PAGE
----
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Feasibility and outcomes of combined transcatheter aortic valve replacement with other structural heart interventions in a single session: a matched cohort study
  1. Ahmed A Khattab1,
  2. Steffen Gloekler1,
  3. Beate Sprecher1,
  4. Samera Shakir1,
  5. Ênio Guerios2,
  6. Stefan Stortecky1,
  7. Crochan J O'Sullivan1,
  8. Fabian Nietlispach3,
  9. Aris Moschovitis1,
  10. Thomas Pilgrim1,
  11. Lutz Buellesfeld1,
  12. Peter Wenaweser1,
  13. Stephan Windecker1 and
  14. Bernhard Meier1
  1. 1Cardiology, Cardiovascular Department, Bern University Hospital, Bern, Switzerland
  2. 2Centro de Cardiopatias Congênitas e Estruturais do Paraná, Curitiba, Paraná, Brazil
  3. 3Department of Cardiology, Zurich University Hospital, Zürich, Switzerland
  1. Correspondence to Professor Bernhard Meier; bernhard.meier{at}


Background Concurrent cardiac diseases are frequent among elderly patients and invite simultaneous treatment to ensure an overall favourable patient outcome.

Aim To investigate the feasibility of combined single-session percutaneous cardiac interventions in the era of transcatheter aortic valve implantation (TAVI).

Methods This prospective, case–control study included 10 consecutive patients treated with TAVI, left atrial appendage occlusion and percutaneous coronary interventions. Some in addition had patent foramen ovale or atrial septal defect closure in the same session. The patients were matched in a 1:10 manner with TAVI-only cases treated within the same time period at the same institution regarding their baseline factors. The outcome was validated according to the Valve Academic Research Consortium (VARC) criteria.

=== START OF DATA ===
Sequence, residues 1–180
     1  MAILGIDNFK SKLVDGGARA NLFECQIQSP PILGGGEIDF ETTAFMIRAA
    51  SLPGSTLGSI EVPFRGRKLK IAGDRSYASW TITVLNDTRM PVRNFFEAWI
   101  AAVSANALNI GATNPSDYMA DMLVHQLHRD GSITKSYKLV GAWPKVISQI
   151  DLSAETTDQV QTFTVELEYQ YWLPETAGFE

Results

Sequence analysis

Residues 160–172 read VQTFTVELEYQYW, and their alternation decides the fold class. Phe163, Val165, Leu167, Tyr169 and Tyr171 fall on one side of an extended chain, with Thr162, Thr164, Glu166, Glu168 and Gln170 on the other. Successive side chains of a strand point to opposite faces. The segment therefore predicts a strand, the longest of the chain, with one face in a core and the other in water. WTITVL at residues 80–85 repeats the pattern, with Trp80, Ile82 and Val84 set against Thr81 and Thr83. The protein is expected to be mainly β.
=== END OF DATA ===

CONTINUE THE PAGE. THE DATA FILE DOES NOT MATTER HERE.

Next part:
Results Procedural time (126±42 vs 83±40 min, p=0.0016), radiation time (34±8 vs 22±12 min, p=0.0001) and contrast dye (397±89 vs 250±105 mL, p<0.0001) were higher in the combined intervention group than in the TAVI-only group. Despite these drawbacks, no difference in the VARC endpoints was evident during the in-hospital period and after 30 days (VARC combined safety endpoint 32% for TAVI only and 20% for combined intervention, p=1.0).

Conclusions Transcatheter treatment of combined cardiac diseases is feasible even in a single session in a high-volume centre with experienced operators.

This is an Open Access article distributed in accordance with the Creative Commons Attribution Non Commercial (CC BY-NC 3.0) license, which permits others to distribute, remix, adapt, build upon this work non-commercially, and license their derivative works on different terms, provided the original work is properly cited and the use is non-commercial. See:

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Percutaneous cardiac interventions, by their less invasive nature, enhance patient comfort, accelerate recovery time and shorten hospitalisation duration. They have proven to be a valid alternative to open heart surgery for different patient and disease subsets. This becomes particularly true among patients with coexisting cardiac diseases necessitating complex combined surgical management which puts them at an additional operative risk.1 ,2 With the introduction of transcatheter aortic valve implantation (TAVI), a long neglected population of surgically high-risk and inoperable patients gained access to effective treatment for aortic valve stenosis.3 Frequently, however, these elderly patients have concurrent coronary artery disease and/or atrial fibrillation, which are both associated with an independent adverse prognosis.4–6 The management of these patients should therefore cover concurrent heart diseases to ensure an overall favourable outcome after TAVI.7 Staged or simultaneous percutaneous coronary interventions (PCI) and TAVI have been shown to be safe and feasible in different series.8 ,9 We recently described a successful first case of simultaneous TAVI, PCI and percutaneous device closure of the left atrial appendage (LAA).10 LAA occlusion has been demonstrated to be at least equally effective to long-term warfarin therapy in preventing systemic embolism among atrial fibrillation patients11 and is commonly used as a substitute for anticoagulation among selected patients not suitable for chronic anticoagulation.12 On the other hand, patent foramen ovale (PFO) and atrial septal defects (ASD) are a documented source for systemic emboli13 and their percutaneous closure is feasible and effective in reducing paradoxical embolism.14–17 We sought to investigate the feasibility of simultaneous cardiac interventions including TAVI, PCI and LAA occlusion with or without PFO/ASD closure in an elderly comorbid population.